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No other way but scaling back and cutting costs: World Bank

Maldives needs to scale back and implement cost reducing measures as soon as possible ahead of 2026 which is the deadline by when the country needs to repay USD 500 million in debt.

Ameera Osmanagic
21 May 2024, MVT 16:53
[File] Panel discussion held by World Bank to discuss the current economic status of Maldives -- Photo: Mihaaru
Ameera Osmanagic
21 May 2024, MVT 16:53

The solution to revive Maldives' economy is to scale back and find ways to cut costs, said World Bank's Country Economist and Resident Coordinator for Maldives Erdam Atas as he concluded his presentation on the bank's 'Scaling Back and Rebuilding Buffers' report.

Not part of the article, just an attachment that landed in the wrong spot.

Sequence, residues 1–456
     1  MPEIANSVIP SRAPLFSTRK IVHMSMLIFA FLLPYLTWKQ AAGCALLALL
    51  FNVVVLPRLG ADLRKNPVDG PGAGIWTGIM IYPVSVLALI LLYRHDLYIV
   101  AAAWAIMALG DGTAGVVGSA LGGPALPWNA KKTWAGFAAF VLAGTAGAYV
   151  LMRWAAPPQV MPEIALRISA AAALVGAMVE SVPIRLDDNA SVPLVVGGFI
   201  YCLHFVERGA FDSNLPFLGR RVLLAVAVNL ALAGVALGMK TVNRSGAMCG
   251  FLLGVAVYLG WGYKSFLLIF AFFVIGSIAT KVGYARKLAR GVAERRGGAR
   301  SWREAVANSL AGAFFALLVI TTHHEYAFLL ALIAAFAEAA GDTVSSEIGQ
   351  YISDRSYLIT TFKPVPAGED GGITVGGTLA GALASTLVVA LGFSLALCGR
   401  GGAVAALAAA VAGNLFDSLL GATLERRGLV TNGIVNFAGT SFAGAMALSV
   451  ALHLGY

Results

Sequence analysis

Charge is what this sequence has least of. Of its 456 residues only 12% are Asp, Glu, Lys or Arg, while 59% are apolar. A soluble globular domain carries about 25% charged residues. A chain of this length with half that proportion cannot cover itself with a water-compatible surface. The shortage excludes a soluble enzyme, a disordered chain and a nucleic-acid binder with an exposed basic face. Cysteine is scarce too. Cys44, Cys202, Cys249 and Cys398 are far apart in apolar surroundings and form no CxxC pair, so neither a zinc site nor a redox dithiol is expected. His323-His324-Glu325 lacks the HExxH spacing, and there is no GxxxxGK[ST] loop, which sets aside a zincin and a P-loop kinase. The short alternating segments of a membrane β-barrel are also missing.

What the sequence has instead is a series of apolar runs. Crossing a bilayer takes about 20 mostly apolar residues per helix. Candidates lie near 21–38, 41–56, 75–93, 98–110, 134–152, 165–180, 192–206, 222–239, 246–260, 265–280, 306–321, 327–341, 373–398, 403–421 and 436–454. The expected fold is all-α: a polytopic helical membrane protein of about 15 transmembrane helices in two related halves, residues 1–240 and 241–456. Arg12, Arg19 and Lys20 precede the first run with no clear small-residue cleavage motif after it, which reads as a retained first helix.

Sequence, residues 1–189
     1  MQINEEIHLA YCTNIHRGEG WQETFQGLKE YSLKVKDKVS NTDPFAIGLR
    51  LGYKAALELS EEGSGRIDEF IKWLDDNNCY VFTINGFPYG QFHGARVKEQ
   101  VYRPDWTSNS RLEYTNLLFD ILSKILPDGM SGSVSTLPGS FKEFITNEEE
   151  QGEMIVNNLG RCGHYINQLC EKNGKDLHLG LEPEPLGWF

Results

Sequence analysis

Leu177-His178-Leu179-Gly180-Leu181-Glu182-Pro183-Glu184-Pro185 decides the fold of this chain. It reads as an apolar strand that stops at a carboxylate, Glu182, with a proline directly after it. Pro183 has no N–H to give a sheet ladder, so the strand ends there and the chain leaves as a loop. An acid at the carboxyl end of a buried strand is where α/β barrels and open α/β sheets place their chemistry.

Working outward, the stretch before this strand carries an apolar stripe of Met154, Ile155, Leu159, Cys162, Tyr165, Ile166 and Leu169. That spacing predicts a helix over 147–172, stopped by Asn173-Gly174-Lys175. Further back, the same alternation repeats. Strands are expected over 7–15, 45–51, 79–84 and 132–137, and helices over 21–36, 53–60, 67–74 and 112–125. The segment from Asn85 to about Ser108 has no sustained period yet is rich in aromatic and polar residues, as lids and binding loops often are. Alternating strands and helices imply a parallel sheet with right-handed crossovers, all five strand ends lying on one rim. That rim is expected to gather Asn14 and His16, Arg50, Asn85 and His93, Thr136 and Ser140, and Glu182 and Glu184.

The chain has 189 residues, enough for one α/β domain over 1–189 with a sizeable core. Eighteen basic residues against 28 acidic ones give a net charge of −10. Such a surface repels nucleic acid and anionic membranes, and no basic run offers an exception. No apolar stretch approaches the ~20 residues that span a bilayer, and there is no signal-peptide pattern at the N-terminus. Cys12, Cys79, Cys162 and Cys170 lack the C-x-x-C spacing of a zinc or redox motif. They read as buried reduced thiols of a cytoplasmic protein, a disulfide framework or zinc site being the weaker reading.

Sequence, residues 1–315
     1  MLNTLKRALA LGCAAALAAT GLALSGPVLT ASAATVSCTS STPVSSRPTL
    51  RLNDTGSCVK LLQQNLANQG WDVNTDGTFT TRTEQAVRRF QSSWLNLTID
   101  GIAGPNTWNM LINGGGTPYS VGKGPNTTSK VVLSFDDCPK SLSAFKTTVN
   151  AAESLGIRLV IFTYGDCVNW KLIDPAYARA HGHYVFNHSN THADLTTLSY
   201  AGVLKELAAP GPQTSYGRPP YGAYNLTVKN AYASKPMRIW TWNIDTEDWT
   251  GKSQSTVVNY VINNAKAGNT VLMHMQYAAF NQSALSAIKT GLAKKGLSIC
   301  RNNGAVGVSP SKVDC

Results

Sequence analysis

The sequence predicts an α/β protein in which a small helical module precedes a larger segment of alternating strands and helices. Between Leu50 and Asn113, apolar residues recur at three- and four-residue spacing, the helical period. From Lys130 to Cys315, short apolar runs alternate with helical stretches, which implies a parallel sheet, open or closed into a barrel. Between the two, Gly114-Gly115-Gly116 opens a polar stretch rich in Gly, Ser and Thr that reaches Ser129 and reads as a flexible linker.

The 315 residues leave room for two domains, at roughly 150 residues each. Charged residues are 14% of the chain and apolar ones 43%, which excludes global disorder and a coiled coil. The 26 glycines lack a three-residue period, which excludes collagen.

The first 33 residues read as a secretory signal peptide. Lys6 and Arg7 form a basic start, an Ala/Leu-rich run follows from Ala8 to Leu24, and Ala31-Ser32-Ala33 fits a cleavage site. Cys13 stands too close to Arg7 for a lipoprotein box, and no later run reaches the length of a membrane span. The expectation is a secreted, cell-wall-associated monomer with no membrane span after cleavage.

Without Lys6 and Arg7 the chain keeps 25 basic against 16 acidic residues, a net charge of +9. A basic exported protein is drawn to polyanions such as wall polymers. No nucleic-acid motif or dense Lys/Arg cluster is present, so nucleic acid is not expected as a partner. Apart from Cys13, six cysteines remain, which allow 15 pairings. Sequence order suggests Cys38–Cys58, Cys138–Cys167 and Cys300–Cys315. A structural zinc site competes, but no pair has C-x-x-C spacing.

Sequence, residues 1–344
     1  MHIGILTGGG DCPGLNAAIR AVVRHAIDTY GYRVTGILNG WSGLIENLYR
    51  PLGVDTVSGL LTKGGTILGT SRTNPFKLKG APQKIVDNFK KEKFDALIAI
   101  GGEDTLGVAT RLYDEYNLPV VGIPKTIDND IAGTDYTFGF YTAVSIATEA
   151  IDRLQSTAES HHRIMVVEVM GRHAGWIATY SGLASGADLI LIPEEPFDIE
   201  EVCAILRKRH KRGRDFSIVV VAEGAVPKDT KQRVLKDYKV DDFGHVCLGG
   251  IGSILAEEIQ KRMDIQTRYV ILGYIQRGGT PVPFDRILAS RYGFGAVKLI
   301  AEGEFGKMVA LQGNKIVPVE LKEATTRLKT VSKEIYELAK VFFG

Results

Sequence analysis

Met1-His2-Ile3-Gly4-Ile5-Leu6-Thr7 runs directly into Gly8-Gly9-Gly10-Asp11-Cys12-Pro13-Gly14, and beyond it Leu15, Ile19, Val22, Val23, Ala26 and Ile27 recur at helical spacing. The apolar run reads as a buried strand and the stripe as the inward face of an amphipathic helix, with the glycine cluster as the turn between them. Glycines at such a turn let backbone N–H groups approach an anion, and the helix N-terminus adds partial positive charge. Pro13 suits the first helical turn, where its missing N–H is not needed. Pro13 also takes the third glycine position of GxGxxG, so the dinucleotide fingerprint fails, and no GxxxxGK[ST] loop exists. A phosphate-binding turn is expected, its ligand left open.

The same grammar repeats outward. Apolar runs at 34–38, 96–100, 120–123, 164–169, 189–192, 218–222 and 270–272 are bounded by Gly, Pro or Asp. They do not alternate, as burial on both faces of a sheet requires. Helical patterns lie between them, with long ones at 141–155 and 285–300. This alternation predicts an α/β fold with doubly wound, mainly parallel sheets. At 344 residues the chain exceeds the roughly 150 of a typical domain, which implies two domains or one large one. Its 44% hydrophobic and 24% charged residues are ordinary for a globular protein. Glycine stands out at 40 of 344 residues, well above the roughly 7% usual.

Detailing in his presentation, Atas said that despite the implementation of economic reforms by the government, World Bank forecasts Maldives' budget deficits to hike up in the middle term by around 11 percent, with a chance of further increase should the government increase the subsidies it offers. This is indicative of the ned for more reforms, he said.

He also added that the country's current account deficit is also expected to increase, which also requires reform to change the course of the country's economy and obtain the funds needed for the budget.

Atas went on to explain that a significant expense would need to be incurred to pay off 2026's debt and that external debt and financial constraints are the biggest challenges Maldives faces at the moment. He highlighted that while roughly USD 250-300 million was spend on repaying debts, this needs to be increased to USD 500 million from this year on, given the debt balance is at USD 1.1 billion.